Each of us is on a faith journey.  They all take different shapes and forms, but there is one unifying factor – God is seeking us out.  God led foreign astrologers and practitioners of another religion by a star to meet Jesus.  Now, that’s some creative communication if you ask me! It shows that God pulls out all the stops to reach out to people and draw them from afar to be near to God.  Listening to people’s stories, God’s creativity in communicating with us never ceases to amaze me, but we’ve got to have eyes to see it.

The question when it comes to our journeys is what are we seeking?  Are we seeking Christ or something else?  In our world, success, wealth and fame are highly prized and highly sought after rather than the radical way of Christ. Instead of listening for God’s leading in our lives, it’s often much easier to listen to what society tells us is meaningful – power, prestige, money and independence.  So are we looking for Christ as we travel through life?  And where do we meet him, see him and worship him in our lives?

When the wise men saw that the star had stopped, the gospel says that they were overwhelmed with joy.  In the Greek, it almost seems as if the writer is falling over himself trying to describe how excited and bubbling over with joy the magi were.  It says, very roughly, “and seeing the star, they rejoiced with great joy very much!”  It’s a wooden translation, but you get the point – these were happy people, overflowing with joy that they had finally found the one for whom they were searching!

It reminded me of one of my family’s favorite movies: Hook.  In it, Robin Williams is a grown-up version of Peter Pan who has lost the magic and become a workaholic lawyer, driven by success and blind to his family.  That is, until Captain Hook, played by Dustin Hoffman, captures Peter Pan’s kids and makes him return to Neverland to get them.  It is there that he begins to remember his past and reconnect with magic of life again.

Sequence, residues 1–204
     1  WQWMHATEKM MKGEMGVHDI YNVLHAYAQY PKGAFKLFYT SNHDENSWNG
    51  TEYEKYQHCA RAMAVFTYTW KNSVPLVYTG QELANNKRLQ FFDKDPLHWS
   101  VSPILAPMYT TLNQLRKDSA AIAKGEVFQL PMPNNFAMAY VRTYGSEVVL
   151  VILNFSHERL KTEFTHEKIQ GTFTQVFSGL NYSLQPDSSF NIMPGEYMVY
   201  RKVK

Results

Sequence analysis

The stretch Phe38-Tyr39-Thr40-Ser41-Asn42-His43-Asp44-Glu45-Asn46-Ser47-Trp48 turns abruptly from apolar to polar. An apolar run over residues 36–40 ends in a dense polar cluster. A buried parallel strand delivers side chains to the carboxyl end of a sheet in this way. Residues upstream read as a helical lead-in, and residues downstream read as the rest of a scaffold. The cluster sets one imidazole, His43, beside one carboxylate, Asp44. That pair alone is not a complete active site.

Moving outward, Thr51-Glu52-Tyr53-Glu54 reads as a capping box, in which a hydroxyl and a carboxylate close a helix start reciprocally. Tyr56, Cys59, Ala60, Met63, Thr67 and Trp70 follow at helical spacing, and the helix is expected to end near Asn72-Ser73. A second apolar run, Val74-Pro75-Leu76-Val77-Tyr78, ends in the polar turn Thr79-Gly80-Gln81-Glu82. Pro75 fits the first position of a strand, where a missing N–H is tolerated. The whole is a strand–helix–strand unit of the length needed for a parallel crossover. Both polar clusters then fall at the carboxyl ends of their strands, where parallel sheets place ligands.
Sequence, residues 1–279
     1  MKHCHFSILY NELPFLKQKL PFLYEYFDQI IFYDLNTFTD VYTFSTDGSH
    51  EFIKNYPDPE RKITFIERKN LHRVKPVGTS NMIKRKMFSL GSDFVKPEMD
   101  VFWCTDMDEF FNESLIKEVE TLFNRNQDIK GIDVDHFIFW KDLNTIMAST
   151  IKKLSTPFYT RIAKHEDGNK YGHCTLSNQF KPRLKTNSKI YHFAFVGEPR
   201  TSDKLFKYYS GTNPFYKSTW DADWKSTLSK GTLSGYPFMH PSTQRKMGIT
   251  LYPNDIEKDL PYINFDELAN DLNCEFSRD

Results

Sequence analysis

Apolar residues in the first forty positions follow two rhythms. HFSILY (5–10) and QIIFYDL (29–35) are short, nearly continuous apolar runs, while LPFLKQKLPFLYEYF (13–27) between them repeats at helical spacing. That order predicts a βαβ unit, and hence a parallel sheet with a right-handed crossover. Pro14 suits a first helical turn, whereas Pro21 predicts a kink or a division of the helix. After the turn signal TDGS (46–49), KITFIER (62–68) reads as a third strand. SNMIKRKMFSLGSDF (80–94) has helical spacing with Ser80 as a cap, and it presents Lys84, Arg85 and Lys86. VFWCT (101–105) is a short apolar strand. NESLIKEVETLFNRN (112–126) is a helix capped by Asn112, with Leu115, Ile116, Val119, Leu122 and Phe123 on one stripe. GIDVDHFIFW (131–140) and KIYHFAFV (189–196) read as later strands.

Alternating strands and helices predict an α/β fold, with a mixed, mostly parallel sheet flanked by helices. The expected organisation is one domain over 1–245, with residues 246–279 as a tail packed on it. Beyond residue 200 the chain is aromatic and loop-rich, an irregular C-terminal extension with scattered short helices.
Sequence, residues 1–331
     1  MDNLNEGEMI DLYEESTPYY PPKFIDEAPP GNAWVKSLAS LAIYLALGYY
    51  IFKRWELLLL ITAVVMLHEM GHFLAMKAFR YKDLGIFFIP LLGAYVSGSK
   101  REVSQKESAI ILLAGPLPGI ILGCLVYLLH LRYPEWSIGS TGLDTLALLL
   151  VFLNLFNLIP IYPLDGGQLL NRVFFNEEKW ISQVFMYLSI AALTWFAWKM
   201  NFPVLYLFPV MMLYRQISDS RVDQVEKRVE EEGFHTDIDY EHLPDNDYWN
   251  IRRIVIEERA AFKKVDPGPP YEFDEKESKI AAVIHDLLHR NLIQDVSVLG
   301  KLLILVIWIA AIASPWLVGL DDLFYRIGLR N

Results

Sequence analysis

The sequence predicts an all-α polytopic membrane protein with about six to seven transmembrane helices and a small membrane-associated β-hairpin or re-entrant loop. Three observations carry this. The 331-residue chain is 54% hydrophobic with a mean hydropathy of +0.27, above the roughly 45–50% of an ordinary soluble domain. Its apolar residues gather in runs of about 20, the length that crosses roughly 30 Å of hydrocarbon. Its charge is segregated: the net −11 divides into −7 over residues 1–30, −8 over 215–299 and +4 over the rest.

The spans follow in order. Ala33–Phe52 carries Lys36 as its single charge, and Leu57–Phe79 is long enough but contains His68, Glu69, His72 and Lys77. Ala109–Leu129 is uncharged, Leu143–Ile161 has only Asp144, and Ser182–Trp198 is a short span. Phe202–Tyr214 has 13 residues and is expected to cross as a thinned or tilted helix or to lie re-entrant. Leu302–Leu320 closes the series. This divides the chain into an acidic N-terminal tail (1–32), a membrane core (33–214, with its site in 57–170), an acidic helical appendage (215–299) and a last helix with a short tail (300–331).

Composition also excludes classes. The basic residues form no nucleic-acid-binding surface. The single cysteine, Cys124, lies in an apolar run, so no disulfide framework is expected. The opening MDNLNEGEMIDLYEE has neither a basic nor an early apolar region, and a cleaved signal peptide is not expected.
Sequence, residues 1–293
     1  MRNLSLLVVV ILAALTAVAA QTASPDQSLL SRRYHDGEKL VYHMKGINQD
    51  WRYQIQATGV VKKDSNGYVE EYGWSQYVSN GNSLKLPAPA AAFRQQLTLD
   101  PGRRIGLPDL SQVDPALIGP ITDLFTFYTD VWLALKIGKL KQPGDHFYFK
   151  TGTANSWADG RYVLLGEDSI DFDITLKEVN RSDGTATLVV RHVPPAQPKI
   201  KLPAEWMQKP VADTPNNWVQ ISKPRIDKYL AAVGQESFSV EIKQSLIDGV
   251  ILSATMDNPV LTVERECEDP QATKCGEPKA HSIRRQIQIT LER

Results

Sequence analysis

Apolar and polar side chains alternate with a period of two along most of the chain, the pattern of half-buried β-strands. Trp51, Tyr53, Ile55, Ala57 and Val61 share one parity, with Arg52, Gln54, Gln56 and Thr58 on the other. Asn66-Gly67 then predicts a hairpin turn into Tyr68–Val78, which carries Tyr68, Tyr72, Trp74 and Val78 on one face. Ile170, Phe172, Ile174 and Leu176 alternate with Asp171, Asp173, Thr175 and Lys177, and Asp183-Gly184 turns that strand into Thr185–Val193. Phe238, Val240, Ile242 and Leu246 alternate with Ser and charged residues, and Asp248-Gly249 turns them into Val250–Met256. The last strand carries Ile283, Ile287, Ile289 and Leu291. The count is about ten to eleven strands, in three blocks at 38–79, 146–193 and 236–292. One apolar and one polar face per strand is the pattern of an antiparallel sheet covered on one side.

The other lost boys have a difficult time seeing past the fact that their beloved leader is now grown up.  But one of them takes a good hard look at Peter’s face, smoothing away the wrinkles and peering into his eyes.  He then says, “Oh, there you are Peter!”  He is filled with joy at this discovery of his long lost friend.  And his joy causes the other boys to take a closer look and realize that their leader just needs a little help and memory jogging to get back into shape.

I’ve seen this movie a thousand times.  And when I have those moments when I encounter Christ in the unexpected, or I witness God in conversations and interactions, a little voice in my head says, “Oh, there you are God!”  It’s always a moment of surprise, wonder, delight and joy.  I think it’s this type of response that the magi had when they knelt before Jesus and paid him homage.  It’s the kind of attitude and response, we too, should cultivate in worship and in our daily lives.

Imagine if we came to receive communion that way.  Following God’s call to come to the table and outstretching our hands in wonder and joy that Christ meets us there.  Imagine if we entered into conversations with others, looking for God to be present there.  Imagine if we remained open to God’s leading and let ourselves be moved to prayer and worship in this midst of everyday life.

As we continue our journeys, we can remember the journey of the magi.  How they came from afar, trusting in a star and God’s leading, and being open to worship Jesus and be filled with joy.  We can keep our eyes open for encountering Jesus in the people and places, situations and experiences of our lives.  And we can remember that God never stops seeking us out or trying to reach out in creative ways to get our attention.

I’ll end with one of my favorite prayers: “O God, you have called your servants to ventures of which we cannot see the ending, by paths as yet untrodden, through perils unknown. Give us faith to go out with good courage, not knowing where we go, but only that your hand is leading us and your love supporting us; through Jesus Christ our Lord.”  Amen.

© 2014. Annabelle Peake Markey. All rights reserved.